Salma Hayek described in an op-ed Wednesday how her refusals of Harvey Weinstein's advances turned the making of 2002 Frida Kahlo biopic "Frida" into a nightmare experience.
In the shocking essay published in the New York Times, Hayek said for years she called the disgraced producer "my monster" and revealed that Weinstein would turn up at her door "at all hours of the night, hotel after hotel, location after location."
"No to opening the door to him at all hours of the night, hotel after hotel, location after location, where he would show up unexpectedly, including one location where I was doing a movie he wasn’t even involved with. No to me taking a shower with him. No to letting him watch me take a shower," Hayek wrote of refusing his advances. "No to letting him give me a massage. No to letting a naked friend of his give me a massage. No to letting him give me oral sex. No to my getting naked with another woman."
He would let me finish the film if I agreed to do a sex scene with another woman
Hayek lists the many ways she denied Weinstein saying that Weinstein then made outrageous demands on the production of "Frida," which Hayek was producing, including insisting she film a sex scene with full frontal nudity.
However, the actress revealed she reluctantly agreed to one of his demands while filming "Frida."
"He would let me finish the film if I agreed to do a sex scene with another woman. It was not because I would be naked with another woman. It was because I would be naked with her for Harvey Weinstein. But I could not tell them then," she wrote.
The Mexican-born star recalled how she became physically and emotionally distraught shooting the "senseless" sex scene.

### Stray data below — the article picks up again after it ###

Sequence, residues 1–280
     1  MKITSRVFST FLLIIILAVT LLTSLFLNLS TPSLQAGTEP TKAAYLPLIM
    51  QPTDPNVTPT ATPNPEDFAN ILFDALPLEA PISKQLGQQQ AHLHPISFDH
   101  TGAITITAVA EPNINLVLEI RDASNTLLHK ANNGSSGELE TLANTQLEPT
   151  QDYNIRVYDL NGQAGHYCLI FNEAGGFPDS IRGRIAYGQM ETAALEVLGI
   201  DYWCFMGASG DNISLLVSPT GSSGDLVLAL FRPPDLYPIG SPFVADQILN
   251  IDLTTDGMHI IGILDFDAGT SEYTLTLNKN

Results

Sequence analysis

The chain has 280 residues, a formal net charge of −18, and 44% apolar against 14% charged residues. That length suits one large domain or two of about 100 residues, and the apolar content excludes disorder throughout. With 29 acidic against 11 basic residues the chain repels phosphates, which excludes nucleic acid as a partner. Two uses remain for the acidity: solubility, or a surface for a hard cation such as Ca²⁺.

"My mind understood that I had to do it, but my body wouldn’t stop crying and convulsing. At that point, I started throwing up while a set frozen still waited to shoot. I had to take a tranquilizer, which eventually stopped the crying but made the vomiting worse. As you can imagine, this was not sexy, but it was the only way I could get through the scene," she said.
In a statement to Buzzfeed News, a Weinstein spokesperson said the movie mogul "does not recall" pressuring the actress into doing the sex scene, nor was he there for filming.
"All of the sexual allegations as portrayed by Salma are not accurate and others who witnessed the events have a different account of what transpired," the spokesperson said.
Hayek claimed that Weinstein even threatened her life.
"The range of his persuasion tactics went from sweet-talking me to that one time when, in an attack of fury, he said the terrifying words, 'I will kill you, don’t think I can’t,'" she wrote.
The A-lister shared her reasoning for not coming out sooner against the alleged sexual predator.
"When I saw him socially, I’d smile and try to remember the good things about him, telling myself that I went to war and I won."
Hayek's motivation for sharing her heartbreaking tale is to inspire change within society.
"I hope that adding my voice to the chorus of those who are finally speaking out will shed light on why it is so difficult, and why so many of us have waited so long. Men sexually harassed because they could. Women are talking today because, in this new era, we finally can."
Hayek joins a list of more than 60 women including Angelina Jolie, Ashley Judd and Gwyneth Paltrow, accusing Weinstein of sexual misconduct. Since the scandal broke in October, Weinstein was dropped by Miramax and said he entered rehab to address his behavior.
Weinstein has vehemently denied all allegations of non-consensual sex. His rep did not immediately return Fox News' request for comment.
The Associated Press contributed to this report.